Perfect Square
A perfect square is a number that can be expressed as the product of two equal integers. For example, 25 is a perfect square because it is the product of two equal integers, 5 × 5 = 25. However, 21 is not a perfect square because it cannot be expressed as the product of two equal integers. (7 × 3 = 21). Let us learn more about perfect squares in this lesson.
1.  What are Perfect Squares? 
2.  First 20 Perfect Squares 
3.  How to Identify Perfect Squares? 
4.  FAQs on Perfect Squares 
What are Perfect Squares?
Perfect squares are numbers which are obtained by squaring a whole number. Let us look at an example to understand the concept behind perfect squares. For this, we can take a set of 4 marbles and another set of 6 marbles. Let us arrange the marbles. Were you able to arrange the marbles in the way as shown below?
Let's analyze this activity. We can form a square with 4 marbles such that there are 2 rows, with 2 marbles in each row. With 6 marbles, we can form a rectangle such that there are 2 rows, with 3 marbles in each row. Mathematically, it means 4 = 2 × 2 and 6 = 3 × 2. Let us focus only on the numbers which form a square. Here, 4 = 2 × 2 = 2^{2}. Now, if we look at the definition of a perfect square, it says, "A perfect square is a number which is obtained by squaring a whole number. Let us assume if N is a perfect square of a whole number x, this can be written as N = the product of x and x = x^{2}. So, the perfect square formula can be expressed as:
Let us substitute the formula with values. If x = 9, and N = x^{2}. This means, N = 9^{2} = 81. Here, 81 is a perfect square because it is the square of a whole number. This can be understood in another way with the help of square roots. To know whether a number is a perfect square or not, we calculate the square root of the given number. If the square root is a whole number, then the given number is a perfect square, but if the square root value is not a whole number, then the given number is not a perfect square. For example, to check whether 21 is a perfect square or not, let us calculate its square root. √21 = 4.58. As we can see, 4.58 is not a whole number, so, 21 is not a perfect square. Let us take another example of the number 64. √64 = 8. We can see that 8 is a whole number, therefore, 64 is a perfect square. Now, that we know about perfect squares, let's learn about perfect square trinomials.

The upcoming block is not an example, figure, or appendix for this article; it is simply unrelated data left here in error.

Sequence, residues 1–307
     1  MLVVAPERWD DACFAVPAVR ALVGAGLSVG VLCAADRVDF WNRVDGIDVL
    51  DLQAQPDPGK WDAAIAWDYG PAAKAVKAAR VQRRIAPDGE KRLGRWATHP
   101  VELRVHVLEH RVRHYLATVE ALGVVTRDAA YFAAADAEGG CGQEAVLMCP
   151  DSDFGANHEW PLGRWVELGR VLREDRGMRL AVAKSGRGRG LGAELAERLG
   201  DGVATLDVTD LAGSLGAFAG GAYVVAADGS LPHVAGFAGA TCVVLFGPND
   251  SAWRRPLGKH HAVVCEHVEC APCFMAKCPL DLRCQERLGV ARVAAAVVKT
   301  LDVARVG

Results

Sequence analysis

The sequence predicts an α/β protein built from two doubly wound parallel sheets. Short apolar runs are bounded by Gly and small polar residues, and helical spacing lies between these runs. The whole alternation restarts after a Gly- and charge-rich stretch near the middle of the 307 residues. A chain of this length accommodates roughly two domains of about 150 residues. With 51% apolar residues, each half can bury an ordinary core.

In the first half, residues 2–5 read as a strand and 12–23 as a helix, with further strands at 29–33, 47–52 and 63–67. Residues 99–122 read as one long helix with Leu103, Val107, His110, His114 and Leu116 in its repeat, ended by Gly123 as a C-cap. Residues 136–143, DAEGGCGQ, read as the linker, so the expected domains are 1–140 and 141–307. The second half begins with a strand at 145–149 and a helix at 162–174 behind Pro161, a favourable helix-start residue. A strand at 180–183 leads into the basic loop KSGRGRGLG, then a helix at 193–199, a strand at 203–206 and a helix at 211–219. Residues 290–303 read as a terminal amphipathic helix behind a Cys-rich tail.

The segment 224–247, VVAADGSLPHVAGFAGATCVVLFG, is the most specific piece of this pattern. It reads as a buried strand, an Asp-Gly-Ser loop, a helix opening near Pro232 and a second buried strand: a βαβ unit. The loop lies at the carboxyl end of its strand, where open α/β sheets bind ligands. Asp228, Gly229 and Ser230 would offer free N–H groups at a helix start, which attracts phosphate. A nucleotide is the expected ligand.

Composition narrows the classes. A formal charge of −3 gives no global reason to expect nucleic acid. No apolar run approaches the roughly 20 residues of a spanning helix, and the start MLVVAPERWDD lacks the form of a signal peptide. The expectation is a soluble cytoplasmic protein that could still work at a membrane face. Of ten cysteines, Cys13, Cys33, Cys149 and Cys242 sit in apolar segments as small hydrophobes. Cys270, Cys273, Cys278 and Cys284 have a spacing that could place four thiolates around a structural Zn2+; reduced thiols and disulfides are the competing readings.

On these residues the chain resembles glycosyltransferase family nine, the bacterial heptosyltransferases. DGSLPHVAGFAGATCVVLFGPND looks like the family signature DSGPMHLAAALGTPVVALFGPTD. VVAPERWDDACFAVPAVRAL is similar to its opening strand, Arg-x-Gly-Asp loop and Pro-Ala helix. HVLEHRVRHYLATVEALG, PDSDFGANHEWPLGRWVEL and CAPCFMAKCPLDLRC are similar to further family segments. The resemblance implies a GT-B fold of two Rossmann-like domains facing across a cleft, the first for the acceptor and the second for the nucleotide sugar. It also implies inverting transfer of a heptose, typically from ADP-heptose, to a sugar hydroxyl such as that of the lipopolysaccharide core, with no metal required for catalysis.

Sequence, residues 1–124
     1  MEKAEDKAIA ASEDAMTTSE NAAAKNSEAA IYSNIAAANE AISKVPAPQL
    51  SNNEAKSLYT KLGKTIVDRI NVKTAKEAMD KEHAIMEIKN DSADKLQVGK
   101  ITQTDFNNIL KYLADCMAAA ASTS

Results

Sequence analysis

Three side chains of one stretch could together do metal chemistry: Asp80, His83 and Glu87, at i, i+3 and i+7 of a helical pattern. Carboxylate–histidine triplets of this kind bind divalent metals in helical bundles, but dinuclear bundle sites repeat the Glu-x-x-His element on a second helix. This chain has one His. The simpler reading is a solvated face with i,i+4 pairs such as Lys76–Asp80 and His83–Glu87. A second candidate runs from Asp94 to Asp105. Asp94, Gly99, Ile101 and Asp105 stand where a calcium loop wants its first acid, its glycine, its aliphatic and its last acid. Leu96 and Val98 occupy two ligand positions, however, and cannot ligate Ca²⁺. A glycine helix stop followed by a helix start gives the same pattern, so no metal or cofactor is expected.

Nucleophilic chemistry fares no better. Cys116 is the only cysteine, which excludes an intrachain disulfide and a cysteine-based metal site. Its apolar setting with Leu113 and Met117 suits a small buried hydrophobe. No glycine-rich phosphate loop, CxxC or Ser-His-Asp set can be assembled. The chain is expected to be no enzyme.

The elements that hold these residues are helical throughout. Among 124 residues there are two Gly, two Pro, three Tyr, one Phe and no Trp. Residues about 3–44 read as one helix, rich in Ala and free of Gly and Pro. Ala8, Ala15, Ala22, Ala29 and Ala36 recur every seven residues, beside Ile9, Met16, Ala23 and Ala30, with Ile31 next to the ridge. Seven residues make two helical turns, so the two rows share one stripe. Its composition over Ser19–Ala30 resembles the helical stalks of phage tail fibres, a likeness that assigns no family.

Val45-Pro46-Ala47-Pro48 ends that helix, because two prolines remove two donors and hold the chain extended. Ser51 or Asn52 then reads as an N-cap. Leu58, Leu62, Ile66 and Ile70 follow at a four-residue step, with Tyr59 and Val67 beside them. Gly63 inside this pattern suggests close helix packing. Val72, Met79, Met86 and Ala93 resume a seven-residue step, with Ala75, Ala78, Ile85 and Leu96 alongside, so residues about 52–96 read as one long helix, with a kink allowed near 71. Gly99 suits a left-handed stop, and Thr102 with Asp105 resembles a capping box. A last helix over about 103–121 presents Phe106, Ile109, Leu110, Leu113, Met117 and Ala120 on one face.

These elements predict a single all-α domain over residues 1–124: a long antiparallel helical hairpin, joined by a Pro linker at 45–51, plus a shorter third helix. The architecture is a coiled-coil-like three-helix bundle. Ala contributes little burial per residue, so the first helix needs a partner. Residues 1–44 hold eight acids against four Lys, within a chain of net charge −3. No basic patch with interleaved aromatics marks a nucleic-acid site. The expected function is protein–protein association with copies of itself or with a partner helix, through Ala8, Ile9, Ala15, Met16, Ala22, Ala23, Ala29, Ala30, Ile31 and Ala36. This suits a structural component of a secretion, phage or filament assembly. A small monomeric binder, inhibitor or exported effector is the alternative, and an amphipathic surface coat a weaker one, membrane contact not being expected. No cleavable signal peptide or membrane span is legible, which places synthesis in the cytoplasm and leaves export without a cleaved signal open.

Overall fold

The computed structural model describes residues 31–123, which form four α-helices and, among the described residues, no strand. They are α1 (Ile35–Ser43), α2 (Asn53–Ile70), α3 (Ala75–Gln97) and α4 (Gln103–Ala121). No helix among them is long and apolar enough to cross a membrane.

Perfect Square Trinomial: An expression which is obtained from the square of a binomial equation is termed as a perfect square trinomial. For example, if we square the expression (y+3), we use the identity, (a+b)^{2}= a^{2} +2ab+b^{2}, and we get, (y+3)^{2} = y^{2} +6y+9. Here, y^{2} +6y+9 is a perfect square trinomial. Other examples of a perfect square trinomial are y^{2} 8y+16 and 4x^{2}+ 12x +9.
First 20 Perfect Squares
The table given below shows the perfect squares of the first 20 natural numbers. The first column shows the natural number and the second column shows the square of the natural number. You can easily find the square of a natural number by multiplying it by the number itself. For example, 2 × 2 = 4, 3 × 3 = 9, 4 × 4 = 16, and so on.
Natural Number  Square 
1  1 
2  4 
3  9 
4  16 
5  25 
6  36 
7  49 
8  64 
9  81 
10  100 
11  121 
12  144 
13  169 
14  196 
15  225 
16  256 
17  289 
18  324 
19  361 
20  400 
How to Identify Perfect Squares?
Observe the last digit of the perfect squares of numbers 1 to 20 as given in the table above. You will notice that they end with any one of these digits 0, 1, 4, 5, 6, or 9. After trying various perfect square numbers you would have observed an important property of perfect squares. Numbers that have any of the digits 2, 3, 7, or 8 in their units place are nonperfect squares, whereas, numbers that have any of the digits 0, 1, 4, 5, 6, or 9 in their units place are perfect squares. The following observations can be made to identify a perfect square.
 The numbers ending with 3 and 7 will have 9 as the unit digit in its square number.
 The number ending with 5 will have 5 as the unit digit in its square number.
 The number ending with 4 and 6 will have 6 as the unit digit in its square number.
 The number ending with 2 and 8 will have 4 as the unit digit in its square number.
 The numbers ending with 1 and 9 will have 1 as the unit digit in its square number.
Let us look at a few deviations from these abovedefined rules of a perfect square number.The numbers 159 and 169 both end with the digit 9 but 169 is a perfect square, whereas 159 is not. If the number ends with the digit 0, then you may look for the following: How many zeros are there at the end of the number? Let's say we have a number 1000. If there are odd number of zeros, then it's definitely not a perfect square. 1000 has 3 zeros at the end. Thus, it's not a perfect square. If there are even number of zeros, then it is a perfect square. 400 and 300 both have even number of zeros at the end, but 400 = 20^{2}, which is a perfect square, but 300 is not a square of any whole number.